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I am reading an analysis which takes a model that regresses a response variable (= criminal activity) on a socio-economic independent variable (= parent salary during childhood). The parameters are highly significant, i.e., poor people do tend to commit more crime.

The analysis then claims (I don't have access to the actual analysis, only the final conclusions) that after adjusting the model for environmental, familial, and genetical factors, by using siblings and cousins as stratum, the significant affect of poverty on criminal activity became insignificant.

So basically they conclude that the model suggests it is not poverty which causes crime but environmental factors.

I have two questions.

  1. In a typical regression model, say $$\text{[criminal activity]} = \alpha + \beta \text{[poverty level]} + \epsilon$$ how exactly did they account for these environmental, familial, and genetical factors? Or, if there are different ways to do it, what is one way to do it? For example, looking at my simple linear regression model, how would you modify it to take into account familial factors, i.e., where you have data on a person's family, siblings, cousins, etc., and where you may want to account for whether you commit crime not because you are poor, but because you have been influenced to do so by your environment. How would we model that?

  2. My second question is, how would such a model avoid multicolinearity? As I stated above, the analysis I was reading concluded that the estimate of poverty-level on criminal activity became insignificant once they accounted for environmental factors. But it seems reasonable to hypothesize that those same environmental factors are colinear with poverty-levels. For example, it may be that a person commits crime because all their siblings are criminals, rather than because they are poor ... but perhaps all their siblings are criminals because they are poor? Therefore, one cannot conclude that poverty does not cause crime just because the estimate becomes insignificant, because one is just modelling the effect of poverty through the other independent variable that one has introduced, no?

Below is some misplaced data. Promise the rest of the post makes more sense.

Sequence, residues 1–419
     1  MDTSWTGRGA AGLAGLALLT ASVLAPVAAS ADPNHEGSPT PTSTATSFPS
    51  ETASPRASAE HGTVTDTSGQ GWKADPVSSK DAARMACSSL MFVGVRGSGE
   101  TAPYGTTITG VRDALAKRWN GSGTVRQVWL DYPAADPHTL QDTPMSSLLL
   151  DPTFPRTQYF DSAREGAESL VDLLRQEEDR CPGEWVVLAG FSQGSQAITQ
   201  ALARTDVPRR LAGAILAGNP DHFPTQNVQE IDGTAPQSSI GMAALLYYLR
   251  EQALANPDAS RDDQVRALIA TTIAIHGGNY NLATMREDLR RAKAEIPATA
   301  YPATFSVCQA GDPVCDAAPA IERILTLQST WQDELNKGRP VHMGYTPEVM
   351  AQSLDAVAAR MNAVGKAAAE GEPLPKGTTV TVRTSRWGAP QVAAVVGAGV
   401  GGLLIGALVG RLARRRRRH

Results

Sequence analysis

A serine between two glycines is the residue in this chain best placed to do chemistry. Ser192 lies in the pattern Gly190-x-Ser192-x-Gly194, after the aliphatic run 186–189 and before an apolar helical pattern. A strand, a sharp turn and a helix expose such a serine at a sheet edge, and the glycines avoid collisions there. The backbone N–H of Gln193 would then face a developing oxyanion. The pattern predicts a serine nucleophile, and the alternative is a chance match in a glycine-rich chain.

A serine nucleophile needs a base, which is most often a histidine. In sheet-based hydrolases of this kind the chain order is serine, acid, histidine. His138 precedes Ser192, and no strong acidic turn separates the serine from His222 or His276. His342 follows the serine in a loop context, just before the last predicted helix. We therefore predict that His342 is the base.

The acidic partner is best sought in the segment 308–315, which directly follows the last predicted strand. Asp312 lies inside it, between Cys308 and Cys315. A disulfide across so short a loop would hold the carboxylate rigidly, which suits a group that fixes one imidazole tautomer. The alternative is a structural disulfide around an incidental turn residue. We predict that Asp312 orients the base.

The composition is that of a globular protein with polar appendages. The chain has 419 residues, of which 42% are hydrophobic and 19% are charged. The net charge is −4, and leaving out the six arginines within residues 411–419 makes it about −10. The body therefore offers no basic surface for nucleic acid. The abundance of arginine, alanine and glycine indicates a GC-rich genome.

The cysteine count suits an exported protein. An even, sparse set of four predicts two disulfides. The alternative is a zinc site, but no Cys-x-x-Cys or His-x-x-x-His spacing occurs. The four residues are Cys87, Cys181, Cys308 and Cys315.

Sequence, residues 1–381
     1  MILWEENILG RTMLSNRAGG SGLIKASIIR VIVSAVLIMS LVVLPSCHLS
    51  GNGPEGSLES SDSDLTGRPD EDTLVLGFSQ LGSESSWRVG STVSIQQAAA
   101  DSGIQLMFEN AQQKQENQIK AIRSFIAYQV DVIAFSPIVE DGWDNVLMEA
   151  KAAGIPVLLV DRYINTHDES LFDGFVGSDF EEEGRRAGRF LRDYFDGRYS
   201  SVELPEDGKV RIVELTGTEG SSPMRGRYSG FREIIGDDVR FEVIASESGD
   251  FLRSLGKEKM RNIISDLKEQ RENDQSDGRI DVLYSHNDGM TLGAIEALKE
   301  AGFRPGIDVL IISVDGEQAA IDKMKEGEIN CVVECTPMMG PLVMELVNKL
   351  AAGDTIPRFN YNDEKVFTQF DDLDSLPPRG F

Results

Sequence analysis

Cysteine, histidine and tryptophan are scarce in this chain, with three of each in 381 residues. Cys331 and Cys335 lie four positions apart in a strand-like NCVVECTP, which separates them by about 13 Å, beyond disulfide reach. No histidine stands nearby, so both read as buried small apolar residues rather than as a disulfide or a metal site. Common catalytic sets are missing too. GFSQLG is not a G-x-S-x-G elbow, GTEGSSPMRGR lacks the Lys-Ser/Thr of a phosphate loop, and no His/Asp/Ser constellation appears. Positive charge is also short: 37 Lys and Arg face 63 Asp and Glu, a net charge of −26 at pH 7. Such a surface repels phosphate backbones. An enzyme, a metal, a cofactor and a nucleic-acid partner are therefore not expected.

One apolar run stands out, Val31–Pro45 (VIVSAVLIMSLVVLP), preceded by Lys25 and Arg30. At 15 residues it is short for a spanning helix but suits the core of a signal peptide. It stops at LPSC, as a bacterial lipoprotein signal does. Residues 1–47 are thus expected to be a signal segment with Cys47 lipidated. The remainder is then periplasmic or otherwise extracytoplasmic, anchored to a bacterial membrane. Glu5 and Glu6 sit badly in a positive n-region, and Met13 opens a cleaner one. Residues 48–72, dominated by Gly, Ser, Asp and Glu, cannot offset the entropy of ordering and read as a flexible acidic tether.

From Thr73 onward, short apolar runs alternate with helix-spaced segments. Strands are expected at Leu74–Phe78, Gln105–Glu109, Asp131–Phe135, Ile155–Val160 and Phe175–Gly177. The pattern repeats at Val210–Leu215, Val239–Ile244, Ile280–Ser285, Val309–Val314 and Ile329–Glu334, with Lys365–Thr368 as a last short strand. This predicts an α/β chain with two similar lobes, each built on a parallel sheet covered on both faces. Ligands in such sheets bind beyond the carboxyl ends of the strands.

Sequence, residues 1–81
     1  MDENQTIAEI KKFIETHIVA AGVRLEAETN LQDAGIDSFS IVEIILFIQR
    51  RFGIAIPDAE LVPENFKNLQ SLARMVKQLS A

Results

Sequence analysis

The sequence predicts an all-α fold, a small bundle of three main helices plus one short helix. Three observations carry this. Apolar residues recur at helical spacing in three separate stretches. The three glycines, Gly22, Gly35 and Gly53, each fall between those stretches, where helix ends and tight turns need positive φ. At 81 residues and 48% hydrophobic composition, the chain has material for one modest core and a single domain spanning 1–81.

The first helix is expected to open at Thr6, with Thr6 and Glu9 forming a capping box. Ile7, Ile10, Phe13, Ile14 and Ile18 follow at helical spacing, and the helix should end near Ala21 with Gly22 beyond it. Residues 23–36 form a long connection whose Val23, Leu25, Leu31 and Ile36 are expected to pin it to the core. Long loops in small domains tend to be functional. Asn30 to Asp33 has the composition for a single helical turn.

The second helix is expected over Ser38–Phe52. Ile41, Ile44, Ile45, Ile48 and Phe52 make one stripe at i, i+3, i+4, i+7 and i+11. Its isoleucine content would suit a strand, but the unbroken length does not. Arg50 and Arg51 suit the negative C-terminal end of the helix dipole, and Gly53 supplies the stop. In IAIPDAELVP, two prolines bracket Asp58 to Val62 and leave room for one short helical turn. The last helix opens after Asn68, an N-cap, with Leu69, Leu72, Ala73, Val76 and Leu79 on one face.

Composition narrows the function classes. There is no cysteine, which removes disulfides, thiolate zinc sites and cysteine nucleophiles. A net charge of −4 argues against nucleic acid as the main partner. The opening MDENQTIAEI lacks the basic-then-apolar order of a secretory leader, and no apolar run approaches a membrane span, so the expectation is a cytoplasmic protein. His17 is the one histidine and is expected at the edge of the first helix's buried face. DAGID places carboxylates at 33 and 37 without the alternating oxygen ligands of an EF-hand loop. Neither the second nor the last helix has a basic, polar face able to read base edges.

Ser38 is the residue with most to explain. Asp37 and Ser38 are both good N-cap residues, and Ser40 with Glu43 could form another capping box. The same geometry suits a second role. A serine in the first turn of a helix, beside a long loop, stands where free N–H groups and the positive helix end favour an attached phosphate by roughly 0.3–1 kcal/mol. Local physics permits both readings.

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1) Using multiple linear regression, these additional factors are added as predictors. $$\text{[criminal activity]} = \alpha + \beta_1 \text{[poverty level]} + \beta_2 \text{[familial factor]} + ... + \epsilon$$ This can render the "poverty level" variable insignificant, i.e. given a certain family situation, your wealth does not explain your criminal behaviour anymore. Be wary of causal inference if your data do not come from an experimental research setup though.

2) Some degree of multicolinearity may be inevitable, which may inflate the variance. As long as it is not too excessive, the conclusions may still be valid, one should look at the variance-covariance matrix of the estimated coefficients indeed. I reiterate that the setup of this study does not seem to justify causal conclusions...

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